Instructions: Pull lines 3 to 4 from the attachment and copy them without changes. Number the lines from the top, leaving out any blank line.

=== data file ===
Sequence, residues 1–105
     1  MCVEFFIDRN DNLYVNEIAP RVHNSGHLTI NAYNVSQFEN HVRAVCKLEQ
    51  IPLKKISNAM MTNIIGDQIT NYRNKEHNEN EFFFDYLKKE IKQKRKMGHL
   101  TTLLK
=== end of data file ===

    51  IPLKKISNAM MTNIIGDQIT NYRNKEHNEN EFFFDYLKKE IKQKRKMGHL
   101  TTLLK